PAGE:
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Saturday, July 17, 2010

Kirk Knuffke, Kenny Wollesen, Lisle Ellis - “Chew Your Food” (No Business, 2010) ****½

I'm a lover of small ensembles, and the trumpet trio is surely one of my favorites, and when the musicians are Kirk Knuffke on trumpet, Lisle Ellis on bass, and Kenny Wollesen on drums, quality and skills are almost guaranteed. The performance on this LP was recorded live at Roulette in New York last year.

I have appreciated Knuffke's playing and music before, and I will do it again here. His tone is always full and warm, and he's a master at taking tough bends easily. The music is jazz in its purest sense : improvisational joy and emotional expressivity in a compact form. There is nothing but pulse in the pieces they play, even if the rhythms are not always explicit or when there are no patterns, the three musicians interact so well that they invent on the spot and keep this pulse going. Most of the pieces are uptempo, and real fun. The last track on side A, "Whatever's Next", shows a more bluesy side of the trio, slow and full of pain and agony, but then just in terms of feeling and mood, and without falling back on familiar structures.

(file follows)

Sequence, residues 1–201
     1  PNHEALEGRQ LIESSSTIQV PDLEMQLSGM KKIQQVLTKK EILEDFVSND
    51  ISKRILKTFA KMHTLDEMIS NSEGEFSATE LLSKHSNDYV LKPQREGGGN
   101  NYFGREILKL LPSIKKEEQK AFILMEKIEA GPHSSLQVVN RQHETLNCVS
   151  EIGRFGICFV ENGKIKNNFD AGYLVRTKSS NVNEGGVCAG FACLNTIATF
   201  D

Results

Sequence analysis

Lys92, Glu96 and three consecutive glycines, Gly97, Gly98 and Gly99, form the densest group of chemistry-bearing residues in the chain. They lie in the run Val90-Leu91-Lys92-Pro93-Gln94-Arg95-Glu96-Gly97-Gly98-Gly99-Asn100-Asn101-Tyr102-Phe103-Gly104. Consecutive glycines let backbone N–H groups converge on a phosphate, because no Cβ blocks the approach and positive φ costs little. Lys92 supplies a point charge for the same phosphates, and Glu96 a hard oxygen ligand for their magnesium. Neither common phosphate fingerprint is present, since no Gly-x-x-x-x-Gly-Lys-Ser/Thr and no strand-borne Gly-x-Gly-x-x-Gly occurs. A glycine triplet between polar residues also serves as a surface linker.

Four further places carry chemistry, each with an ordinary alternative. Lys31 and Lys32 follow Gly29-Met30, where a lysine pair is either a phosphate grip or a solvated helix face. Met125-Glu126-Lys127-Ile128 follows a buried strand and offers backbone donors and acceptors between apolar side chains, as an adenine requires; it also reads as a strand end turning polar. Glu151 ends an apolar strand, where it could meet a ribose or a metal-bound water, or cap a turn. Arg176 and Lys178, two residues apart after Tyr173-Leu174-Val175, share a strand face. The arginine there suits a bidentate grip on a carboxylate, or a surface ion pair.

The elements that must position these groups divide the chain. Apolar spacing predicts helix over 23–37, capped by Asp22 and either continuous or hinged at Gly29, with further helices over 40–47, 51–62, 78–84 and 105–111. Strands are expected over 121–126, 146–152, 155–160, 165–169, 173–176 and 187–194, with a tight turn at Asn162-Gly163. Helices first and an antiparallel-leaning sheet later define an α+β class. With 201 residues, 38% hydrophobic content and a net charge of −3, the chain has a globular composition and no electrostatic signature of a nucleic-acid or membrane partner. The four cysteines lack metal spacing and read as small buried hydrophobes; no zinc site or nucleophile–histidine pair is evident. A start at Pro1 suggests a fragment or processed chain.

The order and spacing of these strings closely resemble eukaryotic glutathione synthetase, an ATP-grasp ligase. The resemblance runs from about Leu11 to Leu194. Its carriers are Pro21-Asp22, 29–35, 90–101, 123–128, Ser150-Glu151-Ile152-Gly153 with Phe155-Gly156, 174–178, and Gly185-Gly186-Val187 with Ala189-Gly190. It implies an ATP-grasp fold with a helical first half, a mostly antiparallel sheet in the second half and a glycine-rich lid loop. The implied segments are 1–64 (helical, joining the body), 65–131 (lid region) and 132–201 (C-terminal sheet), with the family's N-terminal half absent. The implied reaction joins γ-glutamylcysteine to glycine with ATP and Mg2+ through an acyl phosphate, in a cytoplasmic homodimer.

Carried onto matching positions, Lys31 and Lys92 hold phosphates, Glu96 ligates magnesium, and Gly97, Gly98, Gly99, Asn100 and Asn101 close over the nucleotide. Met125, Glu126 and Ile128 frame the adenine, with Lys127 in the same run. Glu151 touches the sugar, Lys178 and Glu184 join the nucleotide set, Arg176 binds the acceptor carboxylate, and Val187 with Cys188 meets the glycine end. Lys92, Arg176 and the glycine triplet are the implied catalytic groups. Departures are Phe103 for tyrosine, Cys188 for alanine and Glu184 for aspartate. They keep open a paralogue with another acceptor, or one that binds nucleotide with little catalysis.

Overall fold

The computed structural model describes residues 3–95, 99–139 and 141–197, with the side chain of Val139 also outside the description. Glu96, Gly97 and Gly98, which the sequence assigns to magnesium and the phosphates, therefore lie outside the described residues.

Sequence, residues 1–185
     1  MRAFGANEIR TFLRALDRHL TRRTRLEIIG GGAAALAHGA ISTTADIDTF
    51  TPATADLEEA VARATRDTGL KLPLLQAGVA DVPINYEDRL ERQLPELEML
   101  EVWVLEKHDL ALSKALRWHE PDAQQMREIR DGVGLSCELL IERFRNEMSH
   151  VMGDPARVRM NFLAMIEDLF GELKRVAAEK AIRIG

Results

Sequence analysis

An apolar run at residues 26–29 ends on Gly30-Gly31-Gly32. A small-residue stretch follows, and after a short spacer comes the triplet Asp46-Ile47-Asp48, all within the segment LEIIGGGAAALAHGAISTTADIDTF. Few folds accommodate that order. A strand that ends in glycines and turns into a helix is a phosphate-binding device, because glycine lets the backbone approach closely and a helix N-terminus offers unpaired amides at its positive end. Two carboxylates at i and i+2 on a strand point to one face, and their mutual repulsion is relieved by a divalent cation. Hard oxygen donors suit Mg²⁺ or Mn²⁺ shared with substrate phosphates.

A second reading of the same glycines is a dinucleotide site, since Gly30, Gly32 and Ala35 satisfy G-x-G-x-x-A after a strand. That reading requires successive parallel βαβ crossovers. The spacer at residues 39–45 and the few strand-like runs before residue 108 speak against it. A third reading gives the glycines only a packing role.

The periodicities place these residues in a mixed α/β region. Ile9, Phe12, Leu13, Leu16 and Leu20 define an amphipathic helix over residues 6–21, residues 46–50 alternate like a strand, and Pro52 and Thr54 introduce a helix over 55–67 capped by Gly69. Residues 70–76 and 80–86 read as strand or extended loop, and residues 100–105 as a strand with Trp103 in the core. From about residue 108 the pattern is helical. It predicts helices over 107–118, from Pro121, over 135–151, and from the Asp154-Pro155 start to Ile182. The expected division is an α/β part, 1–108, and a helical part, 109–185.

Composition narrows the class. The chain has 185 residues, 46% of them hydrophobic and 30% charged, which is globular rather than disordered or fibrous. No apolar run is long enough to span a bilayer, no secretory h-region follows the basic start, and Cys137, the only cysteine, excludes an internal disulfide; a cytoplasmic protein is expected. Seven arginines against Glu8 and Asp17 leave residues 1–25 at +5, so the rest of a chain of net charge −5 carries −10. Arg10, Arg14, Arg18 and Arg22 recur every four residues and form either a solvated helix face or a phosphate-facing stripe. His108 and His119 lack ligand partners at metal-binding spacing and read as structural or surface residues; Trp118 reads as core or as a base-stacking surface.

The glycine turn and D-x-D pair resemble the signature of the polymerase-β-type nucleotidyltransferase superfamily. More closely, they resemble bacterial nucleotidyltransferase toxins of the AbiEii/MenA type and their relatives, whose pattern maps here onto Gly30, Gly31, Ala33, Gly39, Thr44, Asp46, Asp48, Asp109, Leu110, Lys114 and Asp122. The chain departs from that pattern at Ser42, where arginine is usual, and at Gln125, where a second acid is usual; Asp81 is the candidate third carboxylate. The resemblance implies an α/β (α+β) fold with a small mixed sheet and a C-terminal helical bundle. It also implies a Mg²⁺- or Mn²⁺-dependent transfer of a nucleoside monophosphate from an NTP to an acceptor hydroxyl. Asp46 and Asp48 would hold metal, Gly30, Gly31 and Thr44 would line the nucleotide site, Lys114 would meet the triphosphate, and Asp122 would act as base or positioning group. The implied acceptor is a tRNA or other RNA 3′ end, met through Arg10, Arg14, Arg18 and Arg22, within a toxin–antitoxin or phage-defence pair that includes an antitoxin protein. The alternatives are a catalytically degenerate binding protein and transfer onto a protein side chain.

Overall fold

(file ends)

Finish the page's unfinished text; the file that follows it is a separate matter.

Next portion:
The second side starts with great interplay between Ellis and Wollesen, over an open tune, but then comes the title track, a real goose bumps piece, slow again, with Ellis playing arco and Knuffke crying his heart out over soft fingerbeats on the toms, and Wollesen's drumming even evolves into a wonderfully restraint and mesmerizing drums solo, which leads us into the next piece, more mid-tempo, open-textured yet again so full of soul.

Critics who claim that free jazz is all about noise and violence, or that avant-garde is all cerebral and abstract stuff, should listen to this album to be contradicted. This trio is almost jazz in its pure essence : three guys making music straight from the heart, and truly liberated in spirit, and with instrumental skills of such a level that it's all conveyed as if without the slightest effort. Great stuff!

Buy from Instantjazz.

© stef


Guy said...

I like this album a lot as well. It feels very relaxed and spontaneous (effortless, like you say), it' subtle and intimate, very loose and free yet still surprisingly accessible.
Knuffke is once again a damn fine soloist, Ellis was the discovery for me (still filling some gaps) and it was nice to hear Wollesen in this trio context for a change.